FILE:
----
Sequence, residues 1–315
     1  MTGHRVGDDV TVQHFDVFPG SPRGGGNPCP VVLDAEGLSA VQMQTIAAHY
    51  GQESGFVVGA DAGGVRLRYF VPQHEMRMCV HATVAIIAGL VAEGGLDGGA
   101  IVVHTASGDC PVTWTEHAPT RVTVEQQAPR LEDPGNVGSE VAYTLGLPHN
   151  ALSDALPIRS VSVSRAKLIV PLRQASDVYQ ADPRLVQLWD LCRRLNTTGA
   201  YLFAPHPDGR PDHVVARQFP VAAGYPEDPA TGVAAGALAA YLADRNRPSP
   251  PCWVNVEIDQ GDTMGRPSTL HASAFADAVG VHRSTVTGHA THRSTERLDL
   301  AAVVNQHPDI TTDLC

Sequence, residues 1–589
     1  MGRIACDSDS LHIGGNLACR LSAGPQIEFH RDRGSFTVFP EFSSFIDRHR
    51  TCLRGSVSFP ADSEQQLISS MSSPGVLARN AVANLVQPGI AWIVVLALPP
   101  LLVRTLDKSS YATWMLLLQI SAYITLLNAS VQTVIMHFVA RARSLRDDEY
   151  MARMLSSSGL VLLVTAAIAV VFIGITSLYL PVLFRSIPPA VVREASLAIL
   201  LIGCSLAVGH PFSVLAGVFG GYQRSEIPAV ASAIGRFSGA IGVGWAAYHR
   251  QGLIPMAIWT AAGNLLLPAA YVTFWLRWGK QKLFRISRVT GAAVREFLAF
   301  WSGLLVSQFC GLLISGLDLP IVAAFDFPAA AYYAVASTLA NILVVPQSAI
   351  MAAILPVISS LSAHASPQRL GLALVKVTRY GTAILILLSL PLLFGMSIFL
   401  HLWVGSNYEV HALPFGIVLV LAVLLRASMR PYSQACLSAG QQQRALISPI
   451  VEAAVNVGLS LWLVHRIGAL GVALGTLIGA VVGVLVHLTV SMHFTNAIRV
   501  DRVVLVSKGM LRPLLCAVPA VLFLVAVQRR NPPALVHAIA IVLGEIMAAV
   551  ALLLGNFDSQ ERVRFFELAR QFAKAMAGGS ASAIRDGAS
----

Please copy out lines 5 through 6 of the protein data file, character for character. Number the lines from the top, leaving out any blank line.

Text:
   151  ALSDALPIRS VSVSRAKLIV PLRQASDVYQ ADPRLVQLWD LCRRLNTTGA
   201  YLFAPHPDGR PDHVVARQFP VAAGYPEDPA TGVAAGALAA YLADRNRPSP